It doesn’t matter if you are traveling by plane, train, car or staying home this holiday season: It’s important to know how to safely dispose of used medical sharps.
Millions of people in the United States use needles, lancets and syringes — otherwise known as sharps — to puncture the skin and dispense medication to help manage short- or long-term chronic conditions like diabetes, arthritis, cancer or auto-immune diseases.
For both existing sharps users and people using sharps for the first time, disposal can be confusing, especially while traveling.
An easy-to-use online tool can help sharps users navigate safe disposal rules wherever they are. An option like SafetyIsThePoint.org helps people learn how to safely discard their used sharps and find disposal locations across the United States.
People who use sharps can often dispose of them at home or on the road. It’s as simple as 1-2-3:
Place used sharps in a strong, plastic container like a laundry detergent or bleach bottle.
When the container is 75% full, seal it tightly with duct tape and label it “do not recycle.”
Place the sealed container in regular household trash.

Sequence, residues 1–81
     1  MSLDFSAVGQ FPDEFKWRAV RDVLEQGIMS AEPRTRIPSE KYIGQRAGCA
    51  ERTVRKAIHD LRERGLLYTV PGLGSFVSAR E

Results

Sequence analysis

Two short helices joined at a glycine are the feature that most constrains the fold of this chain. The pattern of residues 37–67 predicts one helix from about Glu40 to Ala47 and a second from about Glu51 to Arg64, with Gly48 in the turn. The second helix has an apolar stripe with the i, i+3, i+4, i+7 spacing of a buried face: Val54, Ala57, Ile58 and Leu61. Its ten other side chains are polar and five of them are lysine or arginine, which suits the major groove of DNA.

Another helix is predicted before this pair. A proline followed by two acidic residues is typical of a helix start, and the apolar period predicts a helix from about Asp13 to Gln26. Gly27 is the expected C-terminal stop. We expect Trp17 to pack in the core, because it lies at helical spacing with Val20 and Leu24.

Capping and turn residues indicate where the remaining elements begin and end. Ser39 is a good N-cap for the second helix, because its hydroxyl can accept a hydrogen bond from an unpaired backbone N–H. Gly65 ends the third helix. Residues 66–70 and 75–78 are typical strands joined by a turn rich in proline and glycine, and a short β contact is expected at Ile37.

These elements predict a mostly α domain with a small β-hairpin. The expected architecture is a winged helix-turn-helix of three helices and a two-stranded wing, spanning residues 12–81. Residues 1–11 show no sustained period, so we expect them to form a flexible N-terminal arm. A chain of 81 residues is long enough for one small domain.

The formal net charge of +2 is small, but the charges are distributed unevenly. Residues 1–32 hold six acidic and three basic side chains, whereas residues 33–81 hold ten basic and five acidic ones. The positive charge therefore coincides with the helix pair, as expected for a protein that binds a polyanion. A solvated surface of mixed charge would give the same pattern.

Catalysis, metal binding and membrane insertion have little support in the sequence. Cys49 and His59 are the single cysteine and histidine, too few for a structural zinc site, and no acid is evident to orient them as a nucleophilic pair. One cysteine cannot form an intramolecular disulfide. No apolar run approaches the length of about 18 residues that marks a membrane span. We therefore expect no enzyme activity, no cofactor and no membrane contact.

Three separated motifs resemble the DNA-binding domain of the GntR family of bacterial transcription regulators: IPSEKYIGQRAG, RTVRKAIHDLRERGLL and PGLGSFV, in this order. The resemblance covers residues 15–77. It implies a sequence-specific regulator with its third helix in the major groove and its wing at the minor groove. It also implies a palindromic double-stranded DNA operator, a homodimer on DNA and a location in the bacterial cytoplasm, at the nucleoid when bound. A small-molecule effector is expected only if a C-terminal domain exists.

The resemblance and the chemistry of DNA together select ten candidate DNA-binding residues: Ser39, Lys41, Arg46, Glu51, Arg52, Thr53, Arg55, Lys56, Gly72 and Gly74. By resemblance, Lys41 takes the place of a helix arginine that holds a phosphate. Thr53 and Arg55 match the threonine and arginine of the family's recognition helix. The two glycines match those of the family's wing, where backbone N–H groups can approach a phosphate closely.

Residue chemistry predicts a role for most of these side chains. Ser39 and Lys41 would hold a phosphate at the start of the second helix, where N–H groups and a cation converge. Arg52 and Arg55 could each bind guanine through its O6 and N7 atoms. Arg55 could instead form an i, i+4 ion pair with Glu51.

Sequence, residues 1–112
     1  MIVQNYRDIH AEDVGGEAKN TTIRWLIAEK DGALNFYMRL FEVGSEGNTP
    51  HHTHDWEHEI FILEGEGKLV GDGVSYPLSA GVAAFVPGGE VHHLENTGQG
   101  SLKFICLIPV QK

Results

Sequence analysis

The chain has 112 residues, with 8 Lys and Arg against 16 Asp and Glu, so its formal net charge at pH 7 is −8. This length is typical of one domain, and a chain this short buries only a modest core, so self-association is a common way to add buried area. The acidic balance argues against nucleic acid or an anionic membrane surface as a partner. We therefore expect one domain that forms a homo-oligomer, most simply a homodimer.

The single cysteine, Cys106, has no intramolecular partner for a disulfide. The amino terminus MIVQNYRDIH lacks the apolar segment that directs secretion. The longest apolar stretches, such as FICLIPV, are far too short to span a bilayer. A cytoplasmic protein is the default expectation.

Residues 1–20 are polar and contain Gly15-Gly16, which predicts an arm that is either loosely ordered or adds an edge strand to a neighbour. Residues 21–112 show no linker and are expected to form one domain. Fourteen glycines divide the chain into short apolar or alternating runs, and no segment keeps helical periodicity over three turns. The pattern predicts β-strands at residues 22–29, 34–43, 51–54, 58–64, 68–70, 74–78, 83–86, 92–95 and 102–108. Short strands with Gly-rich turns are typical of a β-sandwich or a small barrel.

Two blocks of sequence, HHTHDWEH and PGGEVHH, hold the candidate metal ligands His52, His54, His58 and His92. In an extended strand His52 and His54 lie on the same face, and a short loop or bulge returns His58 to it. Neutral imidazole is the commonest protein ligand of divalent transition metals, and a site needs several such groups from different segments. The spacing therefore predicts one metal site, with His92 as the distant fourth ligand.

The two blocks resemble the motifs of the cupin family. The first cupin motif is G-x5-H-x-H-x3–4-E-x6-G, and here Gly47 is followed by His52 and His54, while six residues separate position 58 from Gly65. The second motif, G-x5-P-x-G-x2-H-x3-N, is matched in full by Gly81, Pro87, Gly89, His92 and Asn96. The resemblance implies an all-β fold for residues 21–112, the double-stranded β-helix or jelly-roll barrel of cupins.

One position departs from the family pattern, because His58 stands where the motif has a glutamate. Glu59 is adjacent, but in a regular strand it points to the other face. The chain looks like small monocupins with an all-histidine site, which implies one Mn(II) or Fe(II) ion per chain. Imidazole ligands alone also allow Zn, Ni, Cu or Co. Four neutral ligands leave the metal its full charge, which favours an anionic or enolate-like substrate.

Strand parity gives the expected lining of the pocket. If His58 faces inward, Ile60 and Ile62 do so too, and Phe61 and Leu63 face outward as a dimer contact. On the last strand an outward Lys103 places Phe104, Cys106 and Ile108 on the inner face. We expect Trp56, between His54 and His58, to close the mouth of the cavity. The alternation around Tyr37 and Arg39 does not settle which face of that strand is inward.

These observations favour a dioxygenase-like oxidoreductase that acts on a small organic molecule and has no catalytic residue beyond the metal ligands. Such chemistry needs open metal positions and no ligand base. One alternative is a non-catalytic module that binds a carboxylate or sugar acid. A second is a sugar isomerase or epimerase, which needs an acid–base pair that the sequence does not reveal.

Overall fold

Disposal rules are different in every state, so it’s important to confirm local disposal regulations. To help travelers comply with local regulations, SafetyIsThePoint.org includes a clickable map and ZIP code finder that explains disposal rules by location, as some states legally prohibit disposing of sharps in the trash or recycling containers and require sharps to be transported to a collection center in an approved sharps container.
Free printable resources and a step-by-step guide for at-home sharps disposal are available on the website for sharps users, health-care providers, patient educators and advocates.
The resources can also be downloaded and sent to family members and friends ahead of travel, so they know what to expect.
Learn more about the rules of safe sharps disposal this holiday season at SafetyIsThePoint.org.
Commonly Used Medical Sharps
Needles — fine, slender, hollow pieces of metal, typically attached to syringes, used to inject medication under the skin or withdraw fluid from the body
Lancets, also called “fingersticks” — often used by people with diabetes to get drops of blood for testing
Auto injectors, including epinephrine pens — syringes pre-filled with fluid medication designed to be self-injected into the body
Infusion sets — tubing systems with needles used to deliver drugs to the body
Connection needles — needles that connect to a tube used to transfer fluids in and out of the body T